In part two of a series on “social searching”, Nicola Hughes of Data Miner UK has posted a useful guide to some of the tools you can use to cut through all the noise and find what you are looking for, including Topsy, Kurrently, socialmention, and Twitter’s advanced search options.

When you’re chasing something specific then go to Twitter’s advanced search. I’m not sure why it’s not in a more convenient place on the Twitter site itself. This gives you loads more options especially location, people and even language. By far and away the best resource for big breaking events.

See the full post on Data Miner UK at this link.

See part one – Social searching: what’s out there? – at this link

Google News experiments with new metatags in drive to give credit where it’s due

Google News has outlined two new metatags it is experimenting with as part of efforts to ensure journalists are correctly credited for their work, by identifying the URLs of syndicated and original copy. In an announcement on its blog yesterday, Google News said:

News publishers and readers both benefit when journalists get proper credit for their work. That can be difficult, with news spreading so quickly and many websites syndicating articles to others. That’s why we’re experimenting with two new metatags for Google News: syndication-source and original-source. Each of these metatags addresses a different scenario, but for both the aim is to allow publishers to take credit for their work and give credit to other journalists.

The first metatag, syndication-source, indicates the preferred URL for a syndicated article:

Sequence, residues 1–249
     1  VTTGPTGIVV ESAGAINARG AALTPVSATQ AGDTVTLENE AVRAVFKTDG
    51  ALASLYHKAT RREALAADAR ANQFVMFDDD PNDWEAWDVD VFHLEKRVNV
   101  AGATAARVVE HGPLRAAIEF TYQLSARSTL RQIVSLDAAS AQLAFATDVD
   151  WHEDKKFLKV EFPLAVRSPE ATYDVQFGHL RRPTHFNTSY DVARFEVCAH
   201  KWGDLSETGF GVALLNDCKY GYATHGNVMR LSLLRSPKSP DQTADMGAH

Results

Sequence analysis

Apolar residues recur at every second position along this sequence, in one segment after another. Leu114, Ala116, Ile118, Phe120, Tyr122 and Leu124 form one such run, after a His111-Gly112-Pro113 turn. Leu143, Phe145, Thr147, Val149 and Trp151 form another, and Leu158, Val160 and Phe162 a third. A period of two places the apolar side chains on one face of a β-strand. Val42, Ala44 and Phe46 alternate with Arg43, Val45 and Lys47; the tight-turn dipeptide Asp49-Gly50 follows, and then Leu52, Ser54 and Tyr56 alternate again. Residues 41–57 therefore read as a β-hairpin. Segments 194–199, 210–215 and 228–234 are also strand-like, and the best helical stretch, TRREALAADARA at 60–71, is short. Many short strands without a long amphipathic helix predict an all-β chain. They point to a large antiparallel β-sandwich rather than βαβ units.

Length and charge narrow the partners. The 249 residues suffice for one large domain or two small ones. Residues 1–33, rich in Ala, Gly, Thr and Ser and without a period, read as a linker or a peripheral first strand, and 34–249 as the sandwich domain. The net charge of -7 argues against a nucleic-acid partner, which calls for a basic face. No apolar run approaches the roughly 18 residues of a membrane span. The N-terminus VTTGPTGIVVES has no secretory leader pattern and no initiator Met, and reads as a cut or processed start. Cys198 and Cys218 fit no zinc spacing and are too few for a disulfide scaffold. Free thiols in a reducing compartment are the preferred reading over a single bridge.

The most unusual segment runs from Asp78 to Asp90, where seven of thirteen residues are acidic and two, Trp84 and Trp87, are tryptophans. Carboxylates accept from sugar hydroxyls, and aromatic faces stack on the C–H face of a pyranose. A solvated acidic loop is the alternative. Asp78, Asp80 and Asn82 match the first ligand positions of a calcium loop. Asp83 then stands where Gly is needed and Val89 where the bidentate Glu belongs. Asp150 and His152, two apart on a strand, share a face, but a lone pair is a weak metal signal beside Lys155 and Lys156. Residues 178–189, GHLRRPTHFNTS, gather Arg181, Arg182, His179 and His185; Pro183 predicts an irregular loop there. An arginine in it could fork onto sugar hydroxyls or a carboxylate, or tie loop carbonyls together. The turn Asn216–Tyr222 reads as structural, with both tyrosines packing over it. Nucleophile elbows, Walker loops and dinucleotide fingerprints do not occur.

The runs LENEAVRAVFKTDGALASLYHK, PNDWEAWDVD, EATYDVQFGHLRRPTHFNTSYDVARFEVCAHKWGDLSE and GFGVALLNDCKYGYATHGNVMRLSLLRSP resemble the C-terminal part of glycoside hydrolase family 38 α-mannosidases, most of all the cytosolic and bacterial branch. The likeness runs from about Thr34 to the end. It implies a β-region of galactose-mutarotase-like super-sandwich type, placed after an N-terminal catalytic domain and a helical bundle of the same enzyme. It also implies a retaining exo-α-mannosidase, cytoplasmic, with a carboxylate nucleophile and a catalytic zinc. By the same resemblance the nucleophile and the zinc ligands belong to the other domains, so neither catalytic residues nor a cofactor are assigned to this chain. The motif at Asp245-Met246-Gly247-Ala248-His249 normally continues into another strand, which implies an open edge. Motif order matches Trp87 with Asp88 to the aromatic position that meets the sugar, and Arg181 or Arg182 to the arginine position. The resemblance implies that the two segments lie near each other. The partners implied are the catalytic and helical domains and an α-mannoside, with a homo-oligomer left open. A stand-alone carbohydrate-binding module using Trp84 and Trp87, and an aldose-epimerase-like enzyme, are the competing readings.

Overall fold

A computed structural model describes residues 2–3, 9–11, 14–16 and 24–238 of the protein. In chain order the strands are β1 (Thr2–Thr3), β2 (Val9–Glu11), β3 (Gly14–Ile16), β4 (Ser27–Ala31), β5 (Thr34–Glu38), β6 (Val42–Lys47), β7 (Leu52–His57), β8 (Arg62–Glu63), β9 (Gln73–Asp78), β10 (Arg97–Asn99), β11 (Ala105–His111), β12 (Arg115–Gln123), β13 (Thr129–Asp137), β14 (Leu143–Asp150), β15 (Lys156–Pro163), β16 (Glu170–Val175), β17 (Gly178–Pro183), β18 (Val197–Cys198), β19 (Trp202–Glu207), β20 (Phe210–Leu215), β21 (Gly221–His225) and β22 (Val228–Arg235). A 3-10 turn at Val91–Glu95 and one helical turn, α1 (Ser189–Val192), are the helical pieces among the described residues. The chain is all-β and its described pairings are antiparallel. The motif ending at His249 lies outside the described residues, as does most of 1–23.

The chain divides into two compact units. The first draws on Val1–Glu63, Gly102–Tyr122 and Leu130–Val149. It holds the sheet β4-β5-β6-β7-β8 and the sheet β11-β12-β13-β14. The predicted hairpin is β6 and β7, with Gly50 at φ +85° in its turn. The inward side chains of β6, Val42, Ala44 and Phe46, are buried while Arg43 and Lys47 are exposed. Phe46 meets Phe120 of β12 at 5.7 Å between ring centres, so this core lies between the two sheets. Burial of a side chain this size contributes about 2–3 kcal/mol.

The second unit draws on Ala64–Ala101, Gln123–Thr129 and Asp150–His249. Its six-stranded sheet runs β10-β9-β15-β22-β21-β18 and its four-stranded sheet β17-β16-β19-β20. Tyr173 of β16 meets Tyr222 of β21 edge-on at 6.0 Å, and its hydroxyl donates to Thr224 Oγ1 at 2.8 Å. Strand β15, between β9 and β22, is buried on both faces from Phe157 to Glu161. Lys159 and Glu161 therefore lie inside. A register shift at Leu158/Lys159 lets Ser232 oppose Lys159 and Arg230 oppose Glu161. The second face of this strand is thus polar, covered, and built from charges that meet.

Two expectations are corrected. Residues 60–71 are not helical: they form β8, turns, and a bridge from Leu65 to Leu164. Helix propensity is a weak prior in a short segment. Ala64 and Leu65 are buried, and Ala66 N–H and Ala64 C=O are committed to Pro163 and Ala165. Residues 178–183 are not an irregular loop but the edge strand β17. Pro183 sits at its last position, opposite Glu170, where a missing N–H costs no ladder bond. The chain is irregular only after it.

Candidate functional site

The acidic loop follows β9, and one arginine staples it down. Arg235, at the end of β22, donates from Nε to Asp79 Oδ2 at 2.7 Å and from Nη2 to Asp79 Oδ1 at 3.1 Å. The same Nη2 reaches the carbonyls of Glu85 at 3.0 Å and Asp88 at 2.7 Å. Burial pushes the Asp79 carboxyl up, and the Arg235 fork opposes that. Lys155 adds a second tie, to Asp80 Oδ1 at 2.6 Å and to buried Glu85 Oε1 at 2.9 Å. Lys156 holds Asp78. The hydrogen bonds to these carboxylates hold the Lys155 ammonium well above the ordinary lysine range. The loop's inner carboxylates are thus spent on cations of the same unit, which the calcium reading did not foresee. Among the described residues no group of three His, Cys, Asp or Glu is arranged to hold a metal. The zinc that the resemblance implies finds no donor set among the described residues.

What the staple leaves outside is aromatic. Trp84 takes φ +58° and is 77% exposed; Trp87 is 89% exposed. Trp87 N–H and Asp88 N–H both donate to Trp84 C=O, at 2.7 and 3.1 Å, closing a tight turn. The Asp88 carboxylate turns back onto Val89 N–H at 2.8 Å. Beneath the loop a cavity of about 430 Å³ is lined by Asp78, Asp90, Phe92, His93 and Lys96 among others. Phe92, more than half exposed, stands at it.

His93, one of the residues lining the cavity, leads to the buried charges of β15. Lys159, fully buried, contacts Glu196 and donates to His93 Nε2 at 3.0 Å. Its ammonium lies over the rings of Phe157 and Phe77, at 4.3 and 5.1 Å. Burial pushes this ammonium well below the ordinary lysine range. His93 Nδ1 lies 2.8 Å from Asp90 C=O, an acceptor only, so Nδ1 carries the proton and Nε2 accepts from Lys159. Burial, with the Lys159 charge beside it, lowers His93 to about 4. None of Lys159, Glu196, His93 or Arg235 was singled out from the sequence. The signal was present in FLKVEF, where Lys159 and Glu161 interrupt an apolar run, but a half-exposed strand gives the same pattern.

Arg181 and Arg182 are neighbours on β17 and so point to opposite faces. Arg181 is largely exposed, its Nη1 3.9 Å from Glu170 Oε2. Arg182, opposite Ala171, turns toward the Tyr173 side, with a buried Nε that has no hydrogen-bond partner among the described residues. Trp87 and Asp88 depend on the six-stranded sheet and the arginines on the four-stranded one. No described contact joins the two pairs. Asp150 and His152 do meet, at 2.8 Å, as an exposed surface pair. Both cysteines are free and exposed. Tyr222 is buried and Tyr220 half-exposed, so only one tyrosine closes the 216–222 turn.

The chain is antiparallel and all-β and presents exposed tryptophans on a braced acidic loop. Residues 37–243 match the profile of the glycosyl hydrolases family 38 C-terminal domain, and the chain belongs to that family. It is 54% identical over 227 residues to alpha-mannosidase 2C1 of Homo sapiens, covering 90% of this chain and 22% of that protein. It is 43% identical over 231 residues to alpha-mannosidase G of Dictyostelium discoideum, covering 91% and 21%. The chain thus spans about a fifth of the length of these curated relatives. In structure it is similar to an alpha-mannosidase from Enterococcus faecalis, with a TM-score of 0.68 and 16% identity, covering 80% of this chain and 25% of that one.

…if Publisher X syndicates stories to Publisher Y, both should put the following metatag on those articles: <meta name=”syndication-source” content=”http://www.publisherX.com/wire_story_1.html”>

Then for the original-source metatag, the code would indicate the URL of the first article to report on a story with the following: <meta name=”original-source” content=”http://www.example.com/burglary_at_watergate.html”>

In both cases the tags can be used by either the syndicator or journalist responsible for the original copy to identify their work, and then also those who use it in the production of their own reports to offer credit back to those parties.

Google News says that at the moment it will not make any changes to article ranking based on the original-source tag.

We think it is a promising method for detecting originality among a diverse set of news articles, but we won’t know for sure until we’ve seen a lot of data. By releasing this tag, we’re asking publishers to participate in an experiment that we hope will improve Google News and, ultimately, online journalism.

Read more on this here…

#WEFHamburg: Google keynote – ‘we are not eating your omelette’

The relationship between Google and news publishers returned to the spotlight today as the search engine’s vice president for Northern and Central Europe Philipp Schindler made his keynote speech at the World Editors Forum in Hamburg.

When asked if news publishers ‘produce the eggs’ while Google ‘eats the omelette’, Schindler argued that there was a “fundamental misunderstanding” about Google’s role in the new media environment.

I do not believe at all we are eating your omelette in any way. Google sends four billion people a month to our partners. This is of significant value. We’re paying out 1.7 billion dollars a quarter to our partners.